Analysts on average had expected revenue of $36.87 billion.

(Reporting by Anya George Tharakan in Bengaluru and Jeffrey Dastin in San Francisco; Editing by Savio D’Souza, Bernard Orr)

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Uber’s Levandowski to step aside for duration of Waymo litigation

Uber Technologies Inc [UBER.UL] said the head of its self-driving vehicles unit, Anthony Levandowski, will step aside from his role for the remainder of the company’s litigation with Waymo, the self-driving car division of Alphabet Inc (GOOGL.O).

Levandowski, a former Waymo executive and the central witness in the legal case, will remain with the ride-hailing service, but will be recused from all work related to the LiDAR self-driving technology.

Uber named Eric Meyhofer, the engineering lead of the its self-driving vehicles unit, as Levandowski’s replacement for the duration of the Waymo litigation.

Waymo sued Uber in February, alleging theft of confidential information on LiDAR, a technology that allows cars to “see” their environment.

Waymo said Levandowski stole 14,000 of its computer files on autonomous technology before joining Uber.

Uber has said its technology was “fundamentally different” from Waymo’s and that the files never ended up on its servers.

A federal judge is set to rule as early as next month on whether to grant Waymo’s request for a preliminary injunction to prevent Uber from using the disputed documents.

Levandowski has sought his Fifth Amendment right against self-incrimination and will not testify, over concerns about the possibility of a criminal case being filed.

Business Insider first reported the news of Levandowski stepping aside.

Uber, valued at about $68 billion, has been rocked by a number of setbacks lately, including accusations of sexual harassment from a former female employee and a video showing Chief Executive Travis Kalanick harshly berating an Uber driver.

(Reporting by Gayathree Ganesan and Sangameswaran S in Bengaluru; Editing by Sai Sachin Ravikumar)

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Microsoft’s sales fall short of estimates, shares dip

Microsoft Corp on Thursday reported quarterly revenue that slightly missed Wall Street estimates as it suffered a sharp dip in sales of its Surface tablets and laptops.

Shares of the world’s largest software company fell 1 percent to $67.62 in trading after the bell.

Under Chief Executive Satya Nadella, who took the helm in 2014, Microsoft has sharpened its focus on the fast-growing cloud computing unit to counter a prolonged slowdown in the personal computer market, which has weighed on demand for its Windows software.

For the fiscal third quarter, ended March 31, overall revenue on an adjusted basis climbed 6 percent to $23.56 billion, but missed analysts’ average estimate of $23.62 billion.

Revenue from Microsoft’s personal computing unit, its largest by revenue, fell 7.4 percent to $8.84 billion, in the quarter. Analysts on average had expected revenue of $9.22 billion, according to research firm FactSet StreetAccount.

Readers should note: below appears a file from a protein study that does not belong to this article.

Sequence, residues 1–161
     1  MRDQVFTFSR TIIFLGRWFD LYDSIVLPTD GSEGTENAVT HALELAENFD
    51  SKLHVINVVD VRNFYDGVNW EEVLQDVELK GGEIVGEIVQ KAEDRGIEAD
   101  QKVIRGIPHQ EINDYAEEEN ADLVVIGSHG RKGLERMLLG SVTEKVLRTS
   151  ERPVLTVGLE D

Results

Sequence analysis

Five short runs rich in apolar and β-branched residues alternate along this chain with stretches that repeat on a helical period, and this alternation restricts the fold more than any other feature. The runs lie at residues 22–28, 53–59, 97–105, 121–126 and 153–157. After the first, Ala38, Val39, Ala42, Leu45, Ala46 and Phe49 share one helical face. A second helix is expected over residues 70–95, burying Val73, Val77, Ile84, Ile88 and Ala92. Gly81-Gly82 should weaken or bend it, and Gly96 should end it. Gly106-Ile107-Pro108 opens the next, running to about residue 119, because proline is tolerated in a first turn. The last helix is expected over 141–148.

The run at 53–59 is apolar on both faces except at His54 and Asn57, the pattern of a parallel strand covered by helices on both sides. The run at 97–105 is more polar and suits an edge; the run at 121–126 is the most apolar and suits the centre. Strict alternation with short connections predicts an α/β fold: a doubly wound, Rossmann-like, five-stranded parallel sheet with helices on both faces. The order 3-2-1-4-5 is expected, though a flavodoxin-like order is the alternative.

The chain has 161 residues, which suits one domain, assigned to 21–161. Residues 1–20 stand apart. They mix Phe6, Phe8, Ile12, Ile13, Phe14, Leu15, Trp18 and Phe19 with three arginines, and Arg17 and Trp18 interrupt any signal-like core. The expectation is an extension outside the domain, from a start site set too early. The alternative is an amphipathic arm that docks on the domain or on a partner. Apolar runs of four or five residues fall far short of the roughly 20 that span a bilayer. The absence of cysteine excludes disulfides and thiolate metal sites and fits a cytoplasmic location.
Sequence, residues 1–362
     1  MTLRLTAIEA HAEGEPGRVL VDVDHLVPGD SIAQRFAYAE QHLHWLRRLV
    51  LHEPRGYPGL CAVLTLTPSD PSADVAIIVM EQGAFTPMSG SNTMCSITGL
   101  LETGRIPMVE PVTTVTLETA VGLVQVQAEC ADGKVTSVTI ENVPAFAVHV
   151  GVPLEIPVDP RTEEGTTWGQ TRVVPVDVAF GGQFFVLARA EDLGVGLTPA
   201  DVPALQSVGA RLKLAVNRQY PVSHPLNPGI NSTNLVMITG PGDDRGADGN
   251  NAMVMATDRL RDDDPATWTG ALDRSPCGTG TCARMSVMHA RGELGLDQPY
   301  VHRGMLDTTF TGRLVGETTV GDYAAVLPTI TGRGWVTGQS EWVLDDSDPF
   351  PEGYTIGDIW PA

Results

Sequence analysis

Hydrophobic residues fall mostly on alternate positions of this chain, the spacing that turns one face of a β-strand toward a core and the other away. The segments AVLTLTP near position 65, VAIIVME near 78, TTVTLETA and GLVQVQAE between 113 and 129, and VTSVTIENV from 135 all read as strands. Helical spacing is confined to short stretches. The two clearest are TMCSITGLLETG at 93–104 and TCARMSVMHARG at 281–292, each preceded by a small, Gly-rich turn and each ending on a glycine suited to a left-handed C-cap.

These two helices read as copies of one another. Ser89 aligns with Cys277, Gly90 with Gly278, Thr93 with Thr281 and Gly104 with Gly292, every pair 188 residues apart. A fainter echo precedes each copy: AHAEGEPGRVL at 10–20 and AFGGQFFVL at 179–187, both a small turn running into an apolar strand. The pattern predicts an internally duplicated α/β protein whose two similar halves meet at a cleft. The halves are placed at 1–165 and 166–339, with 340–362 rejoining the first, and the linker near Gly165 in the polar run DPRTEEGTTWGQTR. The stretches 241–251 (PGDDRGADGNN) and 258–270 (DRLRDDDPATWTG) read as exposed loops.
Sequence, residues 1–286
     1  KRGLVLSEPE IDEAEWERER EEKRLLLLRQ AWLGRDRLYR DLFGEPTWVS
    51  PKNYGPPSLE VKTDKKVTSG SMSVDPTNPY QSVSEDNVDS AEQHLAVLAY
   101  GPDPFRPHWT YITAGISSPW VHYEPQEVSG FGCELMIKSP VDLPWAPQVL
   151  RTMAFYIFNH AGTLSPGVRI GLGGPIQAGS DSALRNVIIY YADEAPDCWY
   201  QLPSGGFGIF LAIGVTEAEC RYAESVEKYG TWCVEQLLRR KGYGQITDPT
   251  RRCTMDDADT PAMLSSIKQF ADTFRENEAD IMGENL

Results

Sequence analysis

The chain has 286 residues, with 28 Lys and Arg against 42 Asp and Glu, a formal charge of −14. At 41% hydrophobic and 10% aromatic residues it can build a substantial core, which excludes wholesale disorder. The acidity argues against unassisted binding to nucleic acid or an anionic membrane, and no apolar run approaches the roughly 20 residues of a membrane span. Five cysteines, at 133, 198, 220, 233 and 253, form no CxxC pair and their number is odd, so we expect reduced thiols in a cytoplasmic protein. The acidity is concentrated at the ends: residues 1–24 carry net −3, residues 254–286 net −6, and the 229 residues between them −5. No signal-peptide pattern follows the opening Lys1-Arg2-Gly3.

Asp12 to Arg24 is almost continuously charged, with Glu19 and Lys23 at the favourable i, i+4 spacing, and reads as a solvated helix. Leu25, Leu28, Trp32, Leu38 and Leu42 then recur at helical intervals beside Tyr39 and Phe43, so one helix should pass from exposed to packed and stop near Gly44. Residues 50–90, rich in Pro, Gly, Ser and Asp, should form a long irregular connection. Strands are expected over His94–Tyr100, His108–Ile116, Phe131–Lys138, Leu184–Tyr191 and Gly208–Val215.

The business includes Windows software, Xbox gaming consoles, online search advertising and Surface personal computers.

Surface revenue plunged 26 percent in the quarter to $831 million, down from $1.3 billion in the year-ago quarter.

Sales of high-end computers from other makers, along with the fact that many Surface products have been on the market for many months, hurt Surface sales, said Zack Moxcey, an investor relations director for Microsoft.

The lower-than-expected revenue in the personal computing division came amid an uptick in the PC market.

Worldwide PC shipments rose 0.6 percent in the first quarter of 2017, seeing growth for the first time in five years, market research firm IDC said earlier this month. Microsoft’s Windows OEM revenue, a measure of the company’s license revenue from computer makers such as Dell Technologies and HP Inc, rose 5 percent. Dell, in particular, reported strong increases in computer sales driven by high-end laptops.


Revenue from the unit that Microsoft calls “Intelligent Cloud,” which includes server products and the company’s flagship cloud computing platform, Azure, jumped about 11 percent to $6.76 billion in the quarter.

Azure revenue soared 93 percent in the quarter. The service competes with Inc’s Amazon Web Services, the market leader in cloud infrastructure, as well as offerings from Alphabet Inc’s Google, IBM and Oracle Corp.

Microsoft also, for the first time, reported a revenue growth rate for Dynamics 365, its competitor to Inc’s online sales software. Revenue grew 82 percent in constant currency, though the firm did not give an absolute dollar total.

The company’s net income rose to $4.80 billion, or 61 cents per share, in the quarter, from $3.76 billion, or 47 cents per share, a year earlier.

Excluding one-time items, Microsoft earned 73 cents per share. Analysts on average had expected 70 cents per share, according to Thomson Reuters I/B/E/S (

Microsoft said LinkedIn, which it bought for about $26 billion, contributed $975 million in revenue in the quarter.

Microsoft’s shares had risen 9.9 percent this year through Thursday, eclipsing the 7 percent gain in the broader SP 500.

(Reporting by Pushkala A and Aishwarya Venugopal in Bengaluru; Editing by Sai Sachin Ravikumar and Bill Rigby)